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Old 10-08-2011, 07:24 PM
 
33,031 posts, read 23,958,761 times
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Quote:
Originally Posted by mathjak107 View Post
you have a distorted view as to the deduction.

spending 4 dollars over the price of the house to get back one isnt a bonus its an expense. having a mortgage and getting back one of those interest dollars makes you poorer not better off.

make any investment in anything with borrowed money and its no different, you can rent and borrow money to invest and write the interest off. its not only something a homeowner gets.

ask yourself this:

if instead of buying a home you decide to rent and to buy an investment property via a mortgage instead and if that property generated more in income than your paying in rent are you at a diadvantage to the homeowner financially? of course not in fact you are ahead. dont you still have the same write offs of interest and taxes ? of course you do

what if instead of buying a rental property you bought other assets instead which generated even more of an income .? what if you borrowed money to do it just like the homeowner. are you at a disadvantage to the homeowner? no your not.. you still write off expenses and interest just the same.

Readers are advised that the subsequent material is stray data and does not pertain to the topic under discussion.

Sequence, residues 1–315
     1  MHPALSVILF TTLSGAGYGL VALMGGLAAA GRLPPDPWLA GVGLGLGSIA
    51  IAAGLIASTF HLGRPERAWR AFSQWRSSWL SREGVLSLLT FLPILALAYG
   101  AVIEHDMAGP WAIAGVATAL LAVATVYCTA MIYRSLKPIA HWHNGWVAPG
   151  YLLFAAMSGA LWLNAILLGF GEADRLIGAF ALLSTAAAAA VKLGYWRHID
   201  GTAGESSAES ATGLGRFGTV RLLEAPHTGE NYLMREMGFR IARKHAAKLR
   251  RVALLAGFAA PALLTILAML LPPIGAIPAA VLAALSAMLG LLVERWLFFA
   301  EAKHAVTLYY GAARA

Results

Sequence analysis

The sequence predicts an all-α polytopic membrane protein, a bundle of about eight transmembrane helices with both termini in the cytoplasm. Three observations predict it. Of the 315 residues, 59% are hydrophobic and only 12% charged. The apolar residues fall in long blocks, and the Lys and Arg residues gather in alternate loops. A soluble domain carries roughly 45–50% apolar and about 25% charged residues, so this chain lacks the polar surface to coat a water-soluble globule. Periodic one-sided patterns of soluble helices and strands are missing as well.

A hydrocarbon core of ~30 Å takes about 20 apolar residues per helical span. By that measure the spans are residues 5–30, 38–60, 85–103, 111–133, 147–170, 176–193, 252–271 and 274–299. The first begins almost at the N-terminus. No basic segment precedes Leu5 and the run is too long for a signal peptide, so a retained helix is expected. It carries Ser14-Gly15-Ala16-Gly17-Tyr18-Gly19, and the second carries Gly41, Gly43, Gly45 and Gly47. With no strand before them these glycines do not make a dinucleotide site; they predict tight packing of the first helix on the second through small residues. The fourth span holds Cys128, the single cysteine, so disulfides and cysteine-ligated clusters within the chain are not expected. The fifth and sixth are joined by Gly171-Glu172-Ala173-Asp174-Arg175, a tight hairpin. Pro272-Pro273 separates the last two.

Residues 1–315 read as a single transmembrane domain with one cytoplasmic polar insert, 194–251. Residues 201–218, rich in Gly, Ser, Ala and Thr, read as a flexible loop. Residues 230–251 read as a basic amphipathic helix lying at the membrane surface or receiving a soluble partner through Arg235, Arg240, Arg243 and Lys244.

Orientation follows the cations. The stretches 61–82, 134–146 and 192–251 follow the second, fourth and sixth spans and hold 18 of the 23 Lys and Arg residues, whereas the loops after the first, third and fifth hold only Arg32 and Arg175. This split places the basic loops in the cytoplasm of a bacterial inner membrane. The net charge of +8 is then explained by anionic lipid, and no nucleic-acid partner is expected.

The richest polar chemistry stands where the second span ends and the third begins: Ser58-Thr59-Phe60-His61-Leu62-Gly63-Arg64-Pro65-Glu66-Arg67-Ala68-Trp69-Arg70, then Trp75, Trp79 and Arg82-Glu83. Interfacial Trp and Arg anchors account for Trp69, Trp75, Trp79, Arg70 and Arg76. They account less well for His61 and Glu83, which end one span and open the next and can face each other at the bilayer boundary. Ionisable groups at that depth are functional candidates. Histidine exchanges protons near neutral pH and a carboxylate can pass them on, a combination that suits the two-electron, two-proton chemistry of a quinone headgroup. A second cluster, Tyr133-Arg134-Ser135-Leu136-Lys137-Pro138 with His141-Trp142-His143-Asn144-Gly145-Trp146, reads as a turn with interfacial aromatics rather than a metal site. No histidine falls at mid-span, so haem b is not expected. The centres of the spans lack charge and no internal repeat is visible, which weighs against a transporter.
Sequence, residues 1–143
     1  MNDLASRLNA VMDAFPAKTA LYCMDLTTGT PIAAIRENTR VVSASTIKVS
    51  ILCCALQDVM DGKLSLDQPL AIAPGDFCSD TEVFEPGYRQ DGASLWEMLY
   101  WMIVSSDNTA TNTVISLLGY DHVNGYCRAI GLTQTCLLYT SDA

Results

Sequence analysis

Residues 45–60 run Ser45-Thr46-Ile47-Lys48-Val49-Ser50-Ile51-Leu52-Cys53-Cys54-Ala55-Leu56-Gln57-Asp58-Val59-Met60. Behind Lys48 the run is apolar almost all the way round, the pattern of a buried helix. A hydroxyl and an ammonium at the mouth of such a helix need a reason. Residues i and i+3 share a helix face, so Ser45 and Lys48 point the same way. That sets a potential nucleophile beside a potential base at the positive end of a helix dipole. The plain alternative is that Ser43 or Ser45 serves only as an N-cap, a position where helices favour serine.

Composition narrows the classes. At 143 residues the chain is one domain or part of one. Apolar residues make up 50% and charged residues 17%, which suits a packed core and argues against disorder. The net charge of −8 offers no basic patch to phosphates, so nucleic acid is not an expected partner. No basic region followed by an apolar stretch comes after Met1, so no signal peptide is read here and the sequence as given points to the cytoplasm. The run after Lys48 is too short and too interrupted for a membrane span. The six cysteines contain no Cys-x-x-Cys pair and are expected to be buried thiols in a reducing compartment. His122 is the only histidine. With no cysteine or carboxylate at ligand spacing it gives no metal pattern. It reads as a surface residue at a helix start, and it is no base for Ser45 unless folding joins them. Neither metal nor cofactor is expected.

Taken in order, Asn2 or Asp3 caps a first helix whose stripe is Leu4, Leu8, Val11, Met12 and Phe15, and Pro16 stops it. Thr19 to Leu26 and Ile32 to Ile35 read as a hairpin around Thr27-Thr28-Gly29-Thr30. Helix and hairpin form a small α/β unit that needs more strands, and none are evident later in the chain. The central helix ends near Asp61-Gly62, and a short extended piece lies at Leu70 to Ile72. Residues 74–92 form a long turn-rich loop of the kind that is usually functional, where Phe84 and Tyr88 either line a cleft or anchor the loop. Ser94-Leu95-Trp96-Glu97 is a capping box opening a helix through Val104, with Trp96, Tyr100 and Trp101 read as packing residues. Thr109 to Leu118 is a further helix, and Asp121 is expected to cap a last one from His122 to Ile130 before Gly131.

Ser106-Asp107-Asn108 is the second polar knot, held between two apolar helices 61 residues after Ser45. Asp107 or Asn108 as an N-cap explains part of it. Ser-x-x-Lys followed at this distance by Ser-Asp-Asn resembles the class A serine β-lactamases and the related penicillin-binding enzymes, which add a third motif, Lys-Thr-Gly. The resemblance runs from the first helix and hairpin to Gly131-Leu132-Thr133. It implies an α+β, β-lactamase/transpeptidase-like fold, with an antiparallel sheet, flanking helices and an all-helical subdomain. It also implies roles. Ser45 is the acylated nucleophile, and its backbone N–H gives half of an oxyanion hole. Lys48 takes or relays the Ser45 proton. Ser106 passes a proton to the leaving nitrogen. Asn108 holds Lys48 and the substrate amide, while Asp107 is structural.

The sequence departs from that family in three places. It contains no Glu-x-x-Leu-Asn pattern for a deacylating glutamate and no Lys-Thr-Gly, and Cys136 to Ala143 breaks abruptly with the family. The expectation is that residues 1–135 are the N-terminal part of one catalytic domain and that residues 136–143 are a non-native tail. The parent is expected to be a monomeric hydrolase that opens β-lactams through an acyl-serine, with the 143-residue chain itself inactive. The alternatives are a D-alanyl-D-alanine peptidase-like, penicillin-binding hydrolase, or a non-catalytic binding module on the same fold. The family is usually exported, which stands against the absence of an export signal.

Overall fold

interest paid for appreciating assets gets a write off, homeowner or renter you dont get a deduction for your immeadiate cost of housing namely rent or the purchase price of the house.

Okay, is there any way I can make money with this knowledge?
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Old 10-08-2011, 09:12 PM
 
85,277 posts, read 82,783,289 times
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Quote:
Originally Posted by freemkt View Post


Oh. My. God.

The median net worth of renters is something in the neighborhood of $2,000 to $4,000. What kind of a loan and interest rate is THAT going to get you.
who's fault is that? renters are renters for many reasons . some are very well to do . both the building we live in and the building we own as rentals are filled with renters who are quite comfortable.

income has nothing to do with whether you rent or own. the owning comes from developing the income or having money first.
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Old 10-08-2011, 09:13 PM
 
85,277 posts, read 82,783,289 times
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Quote:
Originally Posted by freemkt View Post
Okay, is there any way I can make money with this knowledge?
im not clear on what it is your asking??????????????????????????
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Old 10-09-2011, 03:18 AM
 
85,277 posts, read 82,783,289 times